‘The morning dawned…the clock had just struck eight, when the voice of a man in the street fell upon his ear. He heard the following announcement:-
Here is a full account of the horrible assassination committed by the miscreant William Bolter upon the person of his wife…only one penny! The fullest and most perfect account – only one penny!’
This is a copy of the paper that I presented at the International Association for Robin Hood Studies ‘Outlaws in Context’ Conference, 30 June – 1 July 2015.
In Henry Fielding’s novel, there was no difference between the great men in high life and those in low life.
The 19th-century criminal was an altogether different species of villain compared to the romantic highwayman a century previously.
Exorbitancy and Necessity frequently compelled him to perpetrate Villainy; And no wonder, since he lived in the most infectious Air of the worst of most Licentious Times.
Eugene Sue’s “The Mysteries of Paris” marked the emergence of a new genre: the urban gothic.
By Stephen Basdeo. In 1977, the horror movie The Hills Have Eyes was released, but it was based upon a 17th-century Scottish folk tale and was then immortalised in 18th-century criminal biography
By the 1830s, the figure of the highwayman had almost vanished from Britain’s roads, but in a series of novels during the 1830s they were romanticised, and some authors adapted their stories to critique early Victorian society.
Here are the scans I’ve recently completed of the penny dreadfuls in my collection so far.
In the penny dreadful version of The New Newgate Calendar, scenes of the most sensational and sexual type were included for publication – torture scenes, nudity, and flagellation – and sparked a moral panic amongst middle-class press commentators.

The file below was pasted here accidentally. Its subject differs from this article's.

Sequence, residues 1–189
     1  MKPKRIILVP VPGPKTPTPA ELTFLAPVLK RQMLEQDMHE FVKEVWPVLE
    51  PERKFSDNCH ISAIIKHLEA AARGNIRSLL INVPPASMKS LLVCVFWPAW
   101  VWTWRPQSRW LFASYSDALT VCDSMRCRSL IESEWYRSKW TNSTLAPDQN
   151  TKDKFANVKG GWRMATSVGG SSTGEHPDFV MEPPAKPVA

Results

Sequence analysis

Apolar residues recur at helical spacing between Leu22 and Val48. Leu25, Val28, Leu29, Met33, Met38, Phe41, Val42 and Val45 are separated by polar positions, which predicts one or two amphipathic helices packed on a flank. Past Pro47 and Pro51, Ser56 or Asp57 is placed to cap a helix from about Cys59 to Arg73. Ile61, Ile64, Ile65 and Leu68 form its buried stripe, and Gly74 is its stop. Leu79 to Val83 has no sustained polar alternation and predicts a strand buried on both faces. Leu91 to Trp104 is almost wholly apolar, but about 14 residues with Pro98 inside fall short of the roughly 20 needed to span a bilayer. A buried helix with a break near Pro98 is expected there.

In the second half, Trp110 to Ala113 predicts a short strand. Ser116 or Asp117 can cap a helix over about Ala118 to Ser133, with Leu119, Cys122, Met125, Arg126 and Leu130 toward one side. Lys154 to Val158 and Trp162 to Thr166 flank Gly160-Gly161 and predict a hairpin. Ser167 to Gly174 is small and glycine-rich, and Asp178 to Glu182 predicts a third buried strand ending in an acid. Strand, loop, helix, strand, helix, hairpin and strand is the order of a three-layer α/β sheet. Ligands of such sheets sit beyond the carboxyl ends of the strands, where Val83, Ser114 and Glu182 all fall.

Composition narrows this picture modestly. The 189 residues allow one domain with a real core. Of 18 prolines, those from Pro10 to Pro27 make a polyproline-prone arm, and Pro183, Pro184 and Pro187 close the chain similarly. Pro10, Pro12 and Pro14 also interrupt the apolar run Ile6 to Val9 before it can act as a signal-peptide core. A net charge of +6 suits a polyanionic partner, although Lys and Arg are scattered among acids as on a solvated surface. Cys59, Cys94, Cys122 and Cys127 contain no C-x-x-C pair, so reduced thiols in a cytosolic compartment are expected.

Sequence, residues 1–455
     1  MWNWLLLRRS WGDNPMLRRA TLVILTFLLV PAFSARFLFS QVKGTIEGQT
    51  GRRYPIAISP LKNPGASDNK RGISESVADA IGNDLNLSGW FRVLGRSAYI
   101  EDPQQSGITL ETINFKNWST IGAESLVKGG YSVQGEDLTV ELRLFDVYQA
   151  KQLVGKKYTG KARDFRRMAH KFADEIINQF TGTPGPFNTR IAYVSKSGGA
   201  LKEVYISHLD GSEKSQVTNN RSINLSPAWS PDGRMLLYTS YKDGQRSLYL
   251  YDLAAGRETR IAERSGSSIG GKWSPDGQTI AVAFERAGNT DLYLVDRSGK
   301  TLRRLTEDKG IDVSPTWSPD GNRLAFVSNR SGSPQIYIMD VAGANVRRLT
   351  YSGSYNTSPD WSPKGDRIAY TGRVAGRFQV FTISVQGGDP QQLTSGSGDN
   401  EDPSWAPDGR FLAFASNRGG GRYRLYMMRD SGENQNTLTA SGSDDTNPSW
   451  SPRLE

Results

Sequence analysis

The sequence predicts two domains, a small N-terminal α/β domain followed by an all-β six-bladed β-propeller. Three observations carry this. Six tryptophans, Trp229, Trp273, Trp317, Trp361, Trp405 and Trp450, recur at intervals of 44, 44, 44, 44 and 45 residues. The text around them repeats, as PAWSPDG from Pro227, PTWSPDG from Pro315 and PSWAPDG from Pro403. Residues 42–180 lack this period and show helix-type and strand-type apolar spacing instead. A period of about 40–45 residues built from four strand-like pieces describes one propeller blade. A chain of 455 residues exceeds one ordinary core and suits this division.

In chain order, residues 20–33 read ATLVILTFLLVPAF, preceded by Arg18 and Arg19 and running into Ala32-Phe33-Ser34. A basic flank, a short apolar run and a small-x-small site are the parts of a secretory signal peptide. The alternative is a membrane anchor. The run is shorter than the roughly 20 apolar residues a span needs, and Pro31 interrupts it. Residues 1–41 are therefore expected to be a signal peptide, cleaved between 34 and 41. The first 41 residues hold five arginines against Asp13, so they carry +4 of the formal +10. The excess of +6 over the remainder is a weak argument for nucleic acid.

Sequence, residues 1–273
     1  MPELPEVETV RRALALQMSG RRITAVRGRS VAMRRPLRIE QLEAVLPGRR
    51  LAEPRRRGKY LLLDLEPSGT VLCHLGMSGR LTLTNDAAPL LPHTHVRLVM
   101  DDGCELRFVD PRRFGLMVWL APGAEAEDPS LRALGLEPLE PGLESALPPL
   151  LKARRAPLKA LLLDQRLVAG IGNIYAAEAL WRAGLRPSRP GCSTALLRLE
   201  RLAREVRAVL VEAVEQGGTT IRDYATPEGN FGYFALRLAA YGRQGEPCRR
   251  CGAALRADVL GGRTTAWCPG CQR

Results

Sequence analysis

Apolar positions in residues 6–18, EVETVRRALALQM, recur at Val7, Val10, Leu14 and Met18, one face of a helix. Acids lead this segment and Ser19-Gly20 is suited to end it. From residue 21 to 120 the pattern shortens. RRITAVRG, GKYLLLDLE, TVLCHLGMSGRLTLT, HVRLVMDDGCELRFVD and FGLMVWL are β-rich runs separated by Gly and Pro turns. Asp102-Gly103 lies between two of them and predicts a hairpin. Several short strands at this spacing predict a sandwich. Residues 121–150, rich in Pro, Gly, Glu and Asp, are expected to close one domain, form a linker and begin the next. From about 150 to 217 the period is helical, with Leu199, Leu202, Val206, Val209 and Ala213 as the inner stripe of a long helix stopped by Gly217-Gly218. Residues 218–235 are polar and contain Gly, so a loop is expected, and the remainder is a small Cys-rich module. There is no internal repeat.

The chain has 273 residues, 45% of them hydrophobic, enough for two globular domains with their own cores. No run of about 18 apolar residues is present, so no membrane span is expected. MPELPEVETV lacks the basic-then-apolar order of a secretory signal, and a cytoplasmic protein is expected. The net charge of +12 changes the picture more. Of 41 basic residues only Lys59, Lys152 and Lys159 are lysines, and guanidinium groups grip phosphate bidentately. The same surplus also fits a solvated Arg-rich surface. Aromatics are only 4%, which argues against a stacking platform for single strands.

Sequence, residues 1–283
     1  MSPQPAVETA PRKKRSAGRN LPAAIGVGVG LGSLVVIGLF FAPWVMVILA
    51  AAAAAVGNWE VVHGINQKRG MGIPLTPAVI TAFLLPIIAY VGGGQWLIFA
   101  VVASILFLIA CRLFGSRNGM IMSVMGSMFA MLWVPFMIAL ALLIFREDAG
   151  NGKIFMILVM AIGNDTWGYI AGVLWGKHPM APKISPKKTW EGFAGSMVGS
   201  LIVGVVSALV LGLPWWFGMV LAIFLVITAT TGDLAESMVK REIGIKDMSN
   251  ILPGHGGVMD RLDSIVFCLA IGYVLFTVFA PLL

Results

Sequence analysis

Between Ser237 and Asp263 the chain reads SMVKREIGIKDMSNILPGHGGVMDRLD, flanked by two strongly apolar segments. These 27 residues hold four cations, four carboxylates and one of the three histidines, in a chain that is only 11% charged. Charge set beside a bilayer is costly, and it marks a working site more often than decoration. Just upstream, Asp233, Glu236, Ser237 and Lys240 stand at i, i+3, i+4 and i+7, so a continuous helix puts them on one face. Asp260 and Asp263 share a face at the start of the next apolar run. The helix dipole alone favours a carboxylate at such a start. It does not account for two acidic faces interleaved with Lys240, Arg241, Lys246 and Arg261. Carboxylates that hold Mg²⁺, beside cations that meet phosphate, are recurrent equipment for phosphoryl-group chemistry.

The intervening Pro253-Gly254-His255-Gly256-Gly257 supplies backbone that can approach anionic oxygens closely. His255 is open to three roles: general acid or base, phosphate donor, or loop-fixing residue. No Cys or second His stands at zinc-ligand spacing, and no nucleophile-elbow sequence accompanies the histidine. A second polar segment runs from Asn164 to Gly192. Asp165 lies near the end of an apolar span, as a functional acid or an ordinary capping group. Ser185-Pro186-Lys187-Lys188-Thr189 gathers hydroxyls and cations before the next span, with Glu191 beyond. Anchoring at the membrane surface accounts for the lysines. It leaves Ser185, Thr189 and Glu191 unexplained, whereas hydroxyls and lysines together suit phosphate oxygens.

In 1751 the novelist and Magistrate of Westminster, Henry Fielding (1707-1754) published An Enquiry into the Causes of the Late Increase of Robbers. ‘The great Increase of Robberies within these few years,’ […]
Whilst most people generally conceive of organised crime as being a distinctly modern, 20th-century, phenomenon, it has a longer history than first assumed. This post uses the theoretical framework of modern-day criminology to analyse the organised crime network established by Jonathan Wild in London in the early 18th century.
During the 18th century crime was the talk of the town in England. In 1751, the crime rate had reached such hellish proportions that the Magistrate of Westminster, Henry Fielding (the author […]
Medieval outlaws are arguably one of the first examples of organised crime in England. All organised crime gangs have certain codes of conduct which, to be counted as part of their respective gangs, they must adhere to. In this post I discuss the Outlaws Code laid down by Robin Hood in the Medieval ballads, and how and why such gangs of criminals enjoy the support of the people.
Further to my post about the book Robin Hood’s Garland I told you about earlier, I thought that I’d bring to your attention the following finding. Whilst most people think that Robin […]